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September 14, 2007
Turning up the seam stress
VIKKI ORTIZ Staff Milwaukee Journal Sentinel

Sewing an outfit for a real person — not just a mannequin — is nerve-racking enough for third-year fashion design students at Mount Mary College.

But this summer, students in Sandra Tonz's tailoring class were handed the kind of assignment that leads to nail biting. The college's new president, Linda Timm, asked them to create an outfit she could wear to today's inauguration.

Not exactly the type of customer you want to accidentally poke with a pin.

"Not a lot of us have worked with a client before, and she is such a client," said student Jessica Frantal, who, along with other members of the class, weren't planning on sewing fancy buttonholes in executive silk when the course began. "I think we were all a little apprehensive when she first came in."

Timm, who will be sworn in today as the college's 10th president, had been impressed with work of other Mount Mary fashion design students, which she had seen during the program's annual spring fashion show last year.

So, inspired by a peer who made a similar request at another university, Timm asked the tailoring class to create something "feminine, but very professional" that would hold up well through a busy day of inauguration activities.

"I really enjoy getting to know students and working with students," Timm said. "I wanted to have the opportunity to showcase what our students are doing in the fashion area."

Consultations on Timm's custom-made ensemble began early in the summer, with discussions about design, material and color. Timm told the students she would prefer a long jacket, and brought in a blouse in her preferred shade of blue.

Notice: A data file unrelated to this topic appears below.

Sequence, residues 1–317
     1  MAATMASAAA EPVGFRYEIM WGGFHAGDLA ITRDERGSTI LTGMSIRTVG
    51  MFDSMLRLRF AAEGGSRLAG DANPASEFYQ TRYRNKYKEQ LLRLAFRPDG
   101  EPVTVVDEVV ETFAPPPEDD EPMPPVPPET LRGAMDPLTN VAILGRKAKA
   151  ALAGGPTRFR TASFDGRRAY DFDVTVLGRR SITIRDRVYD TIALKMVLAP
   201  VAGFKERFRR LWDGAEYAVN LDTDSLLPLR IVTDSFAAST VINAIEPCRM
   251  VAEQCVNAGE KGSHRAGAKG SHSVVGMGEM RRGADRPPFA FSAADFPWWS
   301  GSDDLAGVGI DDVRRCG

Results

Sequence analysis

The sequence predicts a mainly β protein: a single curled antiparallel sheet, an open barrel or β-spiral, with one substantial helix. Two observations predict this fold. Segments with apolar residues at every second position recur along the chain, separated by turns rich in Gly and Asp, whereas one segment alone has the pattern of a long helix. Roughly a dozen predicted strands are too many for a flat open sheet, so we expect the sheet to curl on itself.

From that point on, it was one challenge after another for the students. The exact blue Timm requested was not available in the correct material at local fabric stores.

Students, as well as Tonz, their teacher, made treks to Chicago to find the silk crepe in the right hue.

Next, the students created a version of the three-piece outfit in muslin, a tough, basic material used before making patterns, which took several weeks. When the group was finally ready to sew the ensemble, there were still more setbacks. The fabric the students chose to line the skirt, blouse and jacket was so slippery, students wondered how they would finish.

"It was like ice on ice, it was terrible," said Neenee Lor, 20, another student in the class.

The project was so involved, students — many of whom juggle school with caring for their families — came in on their own time, children in tow, during weekly fittings with Timm.

In the end, however, the students did finish, with a few added flourishes, as well. During one of the last fittings, the class surprised Timm with a monogrammed inscription on the jacket's inside pocket:
Inauguration 2007
From our Hands
Mount Mary Tailoring Students

Timm's eyes filled with tears when they unveiled the inscription. She said she was glad she chose not to shop at a department store or online for her big occasion.

"It wouldn't have been nearly as special," she said.

 

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